Whatever the explanations for the twenty-first century rebound, the striking long-term growth failure
of the last two decades of the twentieth century remains unexplained and largely ignored. In the
comparison made in this paper, which looks at countries starting out at the same level of per capita
GDP in 1960, 1980, and 2000, countries starting out at these levels in later decades should all other
things being equal show more rapid progress. We would expect this because there is more advanced
technology and knowledge available as compared to 20 years prior. The same should be true for
advances in life expectancy and other health indicators, because of advances in medicine, science, and
public health. And yet the opposite happened in the last two decades of the twentieth century. These
decades coincided with a set of neoliberal reforms that were implemented in dozens of low- and
middle-income countries: increasing independence of central banks, tighter (and more often
procyclical) fiscal and monetary policies, the abandonment of previously employed industrial and
development policies, indiscriminate openings to international trade and capital flows, other
deregulatory reforms, and increasing protectionism with regard to intellectual property.

Of course, the fact that this long-term economic failure coincided with the widespread adoption of a
set of reforms in low- and middle-income countries does not prove a causal connection. But it should
at least be cause for concern, and some skepticism about these neoliberal reforms generally, as well as
the institutions that have promoted, enforced (the IMF and World Bank) or codified (the World Trade
Organization) these reforms in their rules. Both the long-term failure and the rebound of the twenty-
first century should be topics of interest to economists.

It is ironic that one of the few developing countries that decidedly did not follow a neoliberal path
since 1980 multiplied its per capita income by a factor of 21 by 2017, 25 became the largest economy
in the world,26 and played a major role in pulling dozens of other countries out of their long slump.
This history, as we have seen, is somewhat different from the popular narrative that globalization,

24 IMF WEO (2017b).


25 Ibid., China: Gross domestic product per capita, constant prices (National currency).
26 On a purchasing power parity basis, Chinas GDP was estimated by the IMF at $23.2 trillion in 2017, versus $19.4 trillion for the
United States. See IMF WEO (2017b), China: Gross domestic product based on purchasing-power-parity (PPP) valuation of country
GDP (Current international dollar) and United States: Gross domestic product based on purchasing-power-parity (PPP) valuation
of country GDP (Current international dollar).

The Scorecard on Development, 19602016: China and the Global Economic Rebound 26
as embodied in the way that most low and middle-income countries increasingly participated in the
global economy and the reforms that they adopted proved successful.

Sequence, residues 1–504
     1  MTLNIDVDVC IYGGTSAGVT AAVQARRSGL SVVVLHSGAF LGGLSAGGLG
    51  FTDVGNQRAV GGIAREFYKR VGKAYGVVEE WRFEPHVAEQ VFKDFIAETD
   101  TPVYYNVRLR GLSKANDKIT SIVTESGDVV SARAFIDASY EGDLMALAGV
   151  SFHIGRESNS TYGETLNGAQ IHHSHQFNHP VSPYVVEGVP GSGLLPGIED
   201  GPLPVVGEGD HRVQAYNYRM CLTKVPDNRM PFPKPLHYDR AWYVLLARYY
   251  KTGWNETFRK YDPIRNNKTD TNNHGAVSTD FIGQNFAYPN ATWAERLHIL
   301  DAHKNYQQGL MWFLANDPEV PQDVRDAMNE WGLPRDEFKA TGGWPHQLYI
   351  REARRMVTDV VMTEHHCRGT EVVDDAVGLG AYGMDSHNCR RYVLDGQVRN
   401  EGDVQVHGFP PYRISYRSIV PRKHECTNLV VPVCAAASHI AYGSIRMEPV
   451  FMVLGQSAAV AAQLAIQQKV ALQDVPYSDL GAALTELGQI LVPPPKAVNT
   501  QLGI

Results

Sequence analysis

The Scorecard on Development, 19602016: China and the Global Economic Rebound 27
Appendix

In comparison to earlier versions of this report, fourth quintile ($7,020$14,500) growth over 1980
2000 was relatively strong. Growth in this group came in at 2.2 percent per capita per year, compared
to only 1.1 percent in the previous editions. At it happens, every change in sample and data contributed
to increasing the growth estimate for this group. For one, differences in data for the same country
periods as in the previous report added 0.26 percentage points to the estimated rate.

FIGURE A1
Reconciling Fourth Quintile 19802000 From Prior Data
2.5

2
Percentage Points

1.5

0.5

0
Old Scorecard Updated Moved out of Moved into New
numbers quintile quintile

Sources: Feenstra, Inklaar, and Timmer (2015) and IMF WEO (2017b).

Removing countries which in this report are no longer seen to be in the fourth quintile raises the
growth estimate another 0.36 percentage points. This includes middle-quintile countries such as
Lebanon, Jordan, Suriname, Romania, and Guatemala all of which had been observed to experience
negative growth. The level of PPP-adjusted GDP in 1980 for So Tom and Prncipe has been
significantly reduced, putting it in only the second quintile. This removed from the fourth quintile a
country that was an especially terrible performer. Slow-growth Brazil, and Argentina, have also been
moved to the middle quintile along with relatively fast growth in Saint Lucia, Antigua and Barbuda,
and Mauritius. On balance, all such shifts out of the fourth quintile removed a fair bit of poor numbers
into other quintiles.

Adding countries that were previously observed but seem to be in quintiles other than the fourth again
raised the growth estimate by 0.14 percentage points. These included countries that performed
relatively well for the period such as Turkey, Macao, and Oman, and tigers such as Ireland and

The Scorecard on Development, 19602016: China and the Global Economic Rebound 28
Singapore. On balance, these did more to raise growth in the quintile than Algeria and Bulgarias poor
performances could lower it.

Finally, including previously unobserved country periods in the fourth quintile raised the estimate 0.32
percentage points. These additions consisted of a few small island nations (Aruba, Montserrat, the
British Virgin Islands, and Anguilla) all of which performed well averaging over 4 percent per
capita, annualized.

There is no particular reason why these changes should have all shifted the estimate all in the same
direction, and there is no obvious reason to believe that the latest estimate is better or worse than
that of the 2011 report. However, we note that even doubling the estimated growth rate for 1980
2000 does not suffice to close the gap relative to 19601980 or 20002015. The falloff in growth
elsewhere was simply too large.

The Scorecard on Development, 19602016: China and the Global Economic Rebound 29